Friday, December 15, 2017
Common sense goes a long way in farming and most things for that matter!
I have just read two articles, one about some brothers in southland, being part of the Red Meat Profit Partnership programme and another about Hogget mating. I generally concur with what is being said or written, with a few qualifications.
However I guess what does alarm me when I read these such articles is that practically all this advice is not rocket science, it’s something that I take for granted in my normal farming practice. Now I don’t consider myself to be the greatest farmer in the world, but in everything I do, I try to do it to the best of my ability and farming is no exception.
Perhaps I was lucky to have a father who was a good stockmen: not just teaching me what a good sheep is in terms of conformation and structure etc., but just in management or perhaps it’s because I am not a moron, or perhaps it’s because I do make an effort to read all relevant literature that may be of value to what I do, which means it is common sense.
Every time Beef and Lamb put out some new guide for farming that I haven’t read, I always read it. Over many years to date there has never been anything in these guides that I go “hell I better start doing that” (the closest would be body condition scoring with my hand, as opposed to eye, which is definitely more accurate), why is this, because quite simply again it’s all what I consider common sense.
The brothers in the article were advocating putting only 60% of their ewes to maternal rams for replacements. I am not sure you could put an exact percentage on it, but the best way to improve your flock has always been and still is not to breed from the rubbish. You always put your worst ewes to a terminal sire. I guess my concern in recent years is how many people these days genuinely have the ability to determine which are the good ewes and which are the bad ones, many do this purely on how fat they are these days, which is certainly not the same, I am not just talking farmers, I would be even more dubious of a consultant suggesting he could do this for you.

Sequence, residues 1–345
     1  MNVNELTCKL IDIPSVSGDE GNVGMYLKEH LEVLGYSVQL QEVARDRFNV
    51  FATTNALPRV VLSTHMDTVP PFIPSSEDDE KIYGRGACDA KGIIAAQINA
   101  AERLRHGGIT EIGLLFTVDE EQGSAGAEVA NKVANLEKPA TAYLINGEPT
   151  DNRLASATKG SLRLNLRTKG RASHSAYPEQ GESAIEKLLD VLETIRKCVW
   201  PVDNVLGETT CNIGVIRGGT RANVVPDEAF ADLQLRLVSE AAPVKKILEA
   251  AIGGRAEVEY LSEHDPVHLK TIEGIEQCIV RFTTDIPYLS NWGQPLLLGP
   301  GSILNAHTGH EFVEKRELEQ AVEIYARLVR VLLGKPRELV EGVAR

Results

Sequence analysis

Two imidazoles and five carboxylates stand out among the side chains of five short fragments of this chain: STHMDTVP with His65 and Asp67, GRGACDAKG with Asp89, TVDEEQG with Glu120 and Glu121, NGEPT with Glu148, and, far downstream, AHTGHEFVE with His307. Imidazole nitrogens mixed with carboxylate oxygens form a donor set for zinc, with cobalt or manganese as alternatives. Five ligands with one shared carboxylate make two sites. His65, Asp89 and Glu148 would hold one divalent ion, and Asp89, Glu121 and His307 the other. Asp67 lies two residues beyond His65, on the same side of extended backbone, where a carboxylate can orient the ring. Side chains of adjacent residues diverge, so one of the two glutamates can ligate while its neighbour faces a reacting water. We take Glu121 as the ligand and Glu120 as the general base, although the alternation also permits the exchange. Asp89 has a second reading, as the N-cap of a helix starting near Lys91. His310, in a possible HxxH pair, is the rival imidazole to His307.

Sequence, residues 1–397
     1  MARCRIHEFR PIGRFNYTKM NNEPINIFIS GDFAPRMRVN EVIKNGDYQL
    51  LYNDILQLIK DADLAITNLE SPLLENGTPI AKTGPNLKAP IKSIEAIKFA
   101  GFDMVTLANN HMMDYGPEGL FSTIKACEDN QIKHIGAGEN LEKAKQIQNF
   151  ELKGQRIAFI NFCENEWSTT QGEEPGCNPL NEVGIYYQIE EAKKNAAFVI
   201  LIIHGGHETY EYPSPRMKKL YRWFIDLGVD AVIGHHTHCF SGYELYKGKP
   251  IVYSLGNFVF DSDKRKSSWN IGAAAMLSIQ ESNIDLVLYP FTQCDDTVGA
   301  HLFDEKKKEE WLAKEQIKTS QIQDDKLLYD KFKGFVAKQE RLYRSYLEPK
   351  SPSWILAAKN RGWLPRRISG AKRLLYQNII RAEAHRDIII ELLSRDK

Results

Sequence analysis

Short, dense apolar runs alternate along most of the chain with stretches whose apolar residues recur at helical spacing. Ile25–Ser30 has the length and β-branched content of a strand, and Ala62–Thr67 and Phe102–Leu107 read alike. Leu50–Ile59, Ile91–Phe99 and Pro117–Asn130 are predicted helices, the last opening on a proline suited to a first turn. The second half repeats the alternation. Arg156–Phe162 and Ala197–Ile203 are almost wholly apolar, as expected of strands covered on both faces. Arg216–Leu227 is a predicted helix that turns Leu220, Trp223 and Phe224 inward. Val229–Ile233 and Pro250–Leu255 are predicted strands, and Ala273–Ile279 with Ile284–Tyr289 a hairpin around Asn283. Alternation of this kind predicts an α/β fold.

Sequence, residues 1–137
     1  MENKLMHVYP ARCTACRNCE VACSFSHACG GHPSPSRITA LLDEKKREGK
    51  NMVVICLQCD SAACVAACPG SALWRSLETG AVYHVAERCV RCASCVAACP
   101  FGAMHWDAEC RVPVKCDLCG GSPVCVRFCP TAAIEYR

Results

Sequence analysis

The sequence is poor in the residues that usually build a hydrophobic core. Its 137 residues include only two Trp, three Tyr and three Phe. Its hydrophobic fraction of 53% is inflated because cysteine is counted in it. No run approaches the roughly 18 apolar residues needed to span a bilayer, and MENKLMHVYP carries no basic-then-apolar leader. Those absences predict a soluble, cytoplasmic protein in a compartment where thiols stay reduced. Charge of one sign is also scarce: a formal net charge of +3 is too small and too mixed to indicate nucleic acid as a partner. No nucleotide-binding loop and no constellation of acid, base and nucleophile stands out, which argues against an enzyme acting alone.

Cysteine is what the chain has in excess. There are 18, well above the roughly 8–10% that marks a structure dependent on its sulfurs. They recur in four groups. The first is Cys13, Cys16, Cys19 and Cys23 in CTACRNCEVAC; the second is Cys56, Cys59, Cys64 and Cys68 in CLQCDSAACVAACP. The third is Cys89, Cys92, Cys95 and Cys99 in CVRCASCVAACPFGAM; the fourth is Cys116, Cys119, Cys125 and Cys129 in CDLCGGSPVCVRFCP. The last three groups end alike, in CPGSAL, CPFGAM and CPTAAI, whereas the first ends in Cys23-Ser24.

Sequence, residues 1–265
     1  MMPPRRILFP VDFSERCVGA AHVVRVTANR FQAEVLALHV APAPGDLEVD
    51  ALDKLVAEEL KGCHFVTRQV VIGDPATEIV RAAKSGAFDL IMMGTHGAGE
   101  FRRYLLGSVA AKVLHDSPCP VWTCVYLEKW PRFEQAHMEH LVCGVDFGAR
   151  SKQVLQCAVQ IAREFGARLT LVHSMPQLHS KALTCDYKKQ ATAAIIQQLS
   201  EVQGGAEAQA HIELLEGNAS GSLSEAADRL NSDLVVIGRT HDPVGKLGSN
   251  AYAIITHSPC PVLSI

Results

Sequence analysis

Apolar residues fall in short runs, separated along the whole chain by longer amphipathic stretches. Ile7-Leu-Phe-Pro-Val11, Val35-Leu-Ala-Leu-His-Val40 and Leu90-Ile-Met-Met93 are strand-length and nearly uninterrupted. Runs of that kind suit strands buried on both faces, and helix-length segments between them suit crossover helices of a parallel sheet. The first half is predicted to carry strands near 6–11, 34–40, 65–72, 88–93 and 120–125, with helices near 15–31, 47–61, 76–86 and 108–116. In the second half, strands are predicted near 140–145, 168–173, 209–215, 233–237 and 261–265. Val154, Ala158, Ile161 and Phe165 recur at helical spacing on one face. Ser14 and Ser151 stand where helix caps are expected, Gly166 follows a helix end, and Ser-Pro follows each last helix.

My caveat as to percentage is unless your ewes are of the quality of my stud romney flock, you need to be culling something like 50% of your ewe lambs (I still cull in excess of 50%) when selecting replacements to ensure they are good enough to breed from. Some scientist suggested in the last year or two that farmers should only cull 10 or 20% of ewe lambs out when selecting replacements and therefore could mate most ewes to a terminal, which is utter crap as most if not all farmers flocks aren’t simply good enough to come anywhere near this.
I am not a big fan of farm consultants generally, as cynically I think it must be difficult for a consultant to not advocate change of some sort given they are charging you 100 plus dollars an hour for their advice (most of which I consider common sense and a lot of which you get for free by reading or from agronomists who supply product, in the case of cropping etc.). I am pretty sure that most of us don’t enjoy paying a large bill for advice saying keep doing what you are doing. I am being a little bit facetious and accept there probably is a place for consultants, but I also believe there are lot used who don’t need to be.
In my view the most important time on a sheep farm is 6 weeks before mating through to the first 2 weeks of mating. You need to ensure body condition score of ewes is 3 or more, that they are on rising plain and that the rams are working well and in the right numbers. This is the time when you endeavour to maximise conception, after mating is over, the rest of the year we are simply trying to minimise loss in terms of condition, abortion, reabsorption, deaths etc. hence the reason mating is the most important as it sets the benchmark to start from in terms of profit for you to minimise subsequent losses over the rest of the year.